I can’t help but compare Castlevania: Lords of Shadow to Metroid: Other M. Both long-anticipated, 3D-oriented sequels to well-respected, often troubled franchises trying to do a lot at once to please old fans who hold a certain “Metroidvania” title as the paradigm, while welcoming new players used to God of War and Ninja Gaiden.
It’s an unenviable task!
But from what I played of the final build yesterday, Lords of Shadow seems up to it. I picked up the Dual Shock in the middle of someone else’s playthrough, so after taking a few minutes to acclimate myself to the controls I was whipping and dagger-throwing like a, well, like a Kratos or Ryu Hayabusa.
Yeah, the game is derivative of popular action/adventure games of recent years. Even the nonsensical action-halting plank walking from God of War shows up, however instead of planks they’re really thick spider webs. Which brings up a noticeable difference from the God of Ninja Inferno pack — the art design is very much in line with previous titles. The whole game takes cues from Super Castlevania IV, as several of the environments I played through (a spooky forest and a spider-infested cavern) resembled 3D representations of the SNES classic’s levels.
I can’t say anything about the music, sadly. The venue was much too loud (thanks Def Jam Rapstar) to even hear sound effects or voice acting. Hopefully Lords of Shadow lives up to the series’ famous knack for rocking music.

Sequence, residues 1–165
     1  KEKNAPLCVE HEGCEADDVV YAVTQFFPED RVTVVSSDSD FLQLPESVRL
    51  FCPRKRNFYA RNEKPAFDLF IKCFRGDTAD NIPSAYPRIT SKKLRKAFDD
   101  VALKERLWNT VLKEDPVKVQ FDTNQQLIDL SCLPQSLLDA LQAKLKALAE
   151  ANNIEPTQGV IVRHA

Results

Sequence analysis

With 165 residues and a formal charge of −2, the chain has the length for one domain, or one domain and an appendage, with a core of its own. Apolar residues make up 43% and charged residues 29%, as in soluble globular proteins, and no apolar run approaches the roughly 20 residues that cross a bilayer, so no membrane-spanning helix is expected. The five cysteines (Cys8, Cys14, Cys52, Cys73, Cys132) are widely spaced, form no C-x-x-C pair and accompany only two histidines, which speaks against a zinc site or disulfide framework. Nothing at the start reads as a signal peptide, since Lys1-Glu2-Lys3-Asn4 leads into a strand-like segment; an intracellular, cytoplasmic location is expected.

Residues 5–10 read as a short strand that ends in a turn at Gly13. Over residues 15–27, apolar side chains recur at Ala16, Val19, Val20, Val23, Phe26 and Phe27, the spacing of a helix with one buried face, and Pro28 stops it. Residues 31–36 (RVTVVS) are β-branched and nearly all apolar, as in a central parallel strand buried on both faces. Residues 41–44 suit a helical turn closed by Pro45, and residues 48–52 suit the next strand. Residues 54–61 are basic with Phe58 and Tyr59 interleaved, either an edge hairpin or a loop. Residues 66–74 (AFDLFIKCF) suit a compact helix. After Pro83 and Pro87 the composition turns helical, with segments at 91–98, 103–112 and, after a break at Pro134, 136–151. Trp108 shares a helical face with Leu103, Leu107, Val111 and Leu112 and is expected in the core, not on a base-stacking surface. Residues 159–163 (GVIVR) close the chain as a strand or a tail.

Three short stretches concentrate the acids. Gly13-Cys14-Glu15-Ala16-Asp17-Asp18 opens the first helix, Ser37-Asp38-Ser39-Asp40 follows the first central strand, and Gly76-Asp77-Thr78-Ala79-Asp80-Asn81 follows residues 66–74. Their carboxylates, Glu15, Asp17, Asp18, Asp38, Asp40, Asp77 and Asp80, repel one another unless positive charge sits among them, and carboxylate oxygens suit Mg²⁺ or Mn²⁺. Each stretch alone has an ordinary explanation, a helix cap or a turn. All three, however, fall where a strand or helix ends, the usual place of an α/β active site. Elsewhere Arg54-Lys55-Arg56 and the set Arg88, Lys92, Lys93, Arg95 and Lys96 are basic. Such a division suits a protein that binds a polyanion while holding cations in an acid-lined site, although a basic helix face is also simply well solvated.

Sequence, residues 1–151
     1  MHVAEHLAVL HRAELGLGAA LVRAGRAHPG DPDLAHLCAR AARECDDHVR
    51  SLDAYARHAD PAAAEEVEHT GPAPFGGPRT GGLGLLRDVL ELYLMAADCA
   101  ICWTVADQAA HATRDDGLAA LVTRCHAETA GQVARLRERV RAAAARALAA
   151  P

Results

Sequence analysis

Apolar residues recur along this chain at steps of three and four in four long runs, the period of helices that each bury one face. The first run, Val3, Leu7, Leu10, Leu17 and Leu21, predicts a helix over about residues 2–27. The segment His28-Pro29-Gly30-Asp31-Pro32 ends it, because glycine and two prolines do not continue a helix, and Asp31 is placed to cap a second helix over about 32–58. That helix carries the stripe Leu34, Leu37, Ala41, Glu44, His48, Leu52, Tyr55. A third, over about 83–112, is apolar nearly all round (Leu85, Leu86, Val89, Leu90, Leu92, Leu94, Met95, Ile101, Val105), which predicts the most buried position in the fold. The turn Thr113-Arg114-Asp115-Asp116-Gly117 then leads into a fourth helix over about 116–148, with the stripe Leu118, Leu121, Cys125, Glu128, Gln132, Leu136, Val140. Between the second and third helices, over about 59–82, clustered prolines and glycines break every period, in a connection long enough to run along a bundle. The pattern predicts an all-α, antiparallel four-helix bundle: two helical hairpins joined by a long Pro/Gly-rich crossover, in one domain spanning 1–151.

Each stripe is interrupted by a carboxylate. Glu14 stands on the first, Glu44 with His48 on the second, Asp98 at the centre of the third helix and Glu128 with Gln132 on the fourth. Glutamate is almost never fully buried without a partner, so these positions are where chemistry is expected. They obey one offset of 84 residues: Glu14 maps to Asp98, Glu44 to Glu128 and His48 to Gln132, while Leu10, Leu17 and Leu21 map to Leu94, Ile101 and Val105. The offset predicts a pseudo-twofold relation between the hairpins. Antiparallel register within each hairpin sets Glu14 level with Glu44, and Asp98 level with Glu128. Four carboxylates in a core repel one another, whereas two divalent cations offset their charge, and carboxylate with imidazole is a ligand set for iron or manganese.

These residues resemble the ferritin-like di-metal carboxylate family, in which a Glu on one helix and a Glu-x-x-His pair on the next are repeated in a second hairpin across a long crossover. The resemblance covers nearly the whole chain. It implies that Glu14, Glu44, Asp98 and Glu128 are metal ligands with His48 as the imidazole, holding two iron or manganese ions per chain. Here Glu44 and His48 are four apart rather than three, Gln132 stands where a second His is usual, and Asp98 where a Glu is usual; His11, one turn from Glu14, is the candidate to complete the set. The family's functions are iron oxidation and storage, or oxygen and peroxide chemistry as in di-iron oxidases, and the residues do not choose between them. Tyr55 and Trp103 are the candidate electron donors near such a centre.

I didn’t get much of an impression of the story either, other than what we know about the premise already. Gabriel Belmont must revive his recently murdered wife and he’ll go through hell, or Castlevania, to do it. Classic Orpheus myth. Whether that means he’ll wind up at Dracula’s castle — it is the title after all — remains to be seen.
The action, although derivative of recent action games, flows very well. Combos feel powerful, jumping feels right and the controls for everything work well. Dodging and timing is invaluable, as well as paying extra-close attention to enemies’ animations to see when and how they will attack. Though it’s 3D Lords of Shadow seems to keep very much in line with the 8-bit and 16-bit games. Especially the difficulty. Normal enemies gave me a tough time (including horrific gigantic spiders — way to tap into my nightmares, Konami) and a Shadow of the Colossus-sized ice titan put me through the ringer. Death isn’t a total bummer as generous checkpoints grant you ample leeway.
I walked away from my time with the game feeling pretty good about it. With its Super Castlevania IV-inspired aesthetic and solid-though-not-entirely-revolutionary action, Lords of Shadow feels like a worthy sequel that ought to stand up to the expectations hoisted upon it, as well as the competition from its Ninja War God May Cry: Other M peers.